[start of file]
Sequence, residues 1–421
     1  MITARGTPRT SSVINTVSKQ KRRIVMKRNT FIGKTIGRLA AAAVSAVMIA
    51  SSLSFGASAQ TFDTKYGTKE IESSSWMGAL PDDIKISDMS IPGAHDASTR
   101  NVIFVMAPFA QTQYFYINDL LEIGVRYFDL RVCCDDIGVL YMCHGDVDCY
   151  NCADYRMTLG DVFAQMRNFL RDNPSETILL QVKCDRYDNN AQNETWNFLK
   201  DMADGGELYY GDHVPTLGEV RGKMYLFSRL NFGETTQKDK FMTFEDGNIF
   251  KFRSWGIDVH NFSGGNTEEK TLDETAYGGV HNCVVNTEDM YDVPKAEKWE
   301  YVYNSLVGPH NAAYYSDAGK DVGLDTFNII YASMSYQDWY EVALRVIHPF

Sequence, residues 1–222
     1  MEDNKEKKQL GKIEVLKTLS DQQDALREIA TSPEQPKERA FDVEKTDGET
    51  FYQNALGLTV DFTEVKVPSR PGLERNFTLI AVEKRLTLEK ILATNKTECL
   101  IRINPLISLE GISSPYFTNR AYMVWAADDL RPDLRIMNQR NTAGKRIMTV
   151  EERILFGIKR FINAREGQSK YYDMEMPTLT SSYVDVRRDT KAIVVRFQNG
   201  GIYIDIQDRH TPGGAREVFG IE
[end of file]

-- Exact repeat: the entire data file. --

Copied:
Sequence, residues 1–421
     1  MITARGTPRT SSVINTVSKQ KRRIVMKRNT FIGKTIGRLA AAAVSAVMIA
    51  SSLSFGASAQ TFDTKYGTKE IESSSWMGAL PDDIKISDMS IPGAHDASTR
   101  NVIFVMAPFA QTQYFYINDL LEIGVRYFDL RVCCDDIGVL YMCHGDVDCY
   151  NCADYRMTLG DVFAQMRNFL RDNPSETILL QVKCDRYDNN AQNETWNFLK
   201  DMADGGELYY GDHVPTLGEV RGKMYLFSRL NFGETTQKDK FMTFEDGNIF
   251  KFRSWGIDVH NFSGGNTEEK TLDETAYGGV HNCVVNTEDM YDVPKAEKWE
   301  YVYNSLVGPH NAAYYSDAGK DVGLDTFNII YASMSYQDWY EVALRVIHPF

Sequence, residues 1–222
     1  MEDNKEKKQL GKIEVLKTLS DQQDALREIA TSPEQPKERA FDVEKTDGET
    51  FYQNALGLTV DFTEVKVPSR PGLERNFTLI AVEKRLTLEK ILATNKTECL
   101  IRINPLISLE GISSPYFTNR AYMVWAADDL RPDLRIMNQR NTAGKRIMTV
   151  EERILFGIKR FINAREGQSK YYDMEMPTLT SSYVDVRRDT KAIVVRFQNG
   201  GIYIDIQDRH TPGGAREVFG IE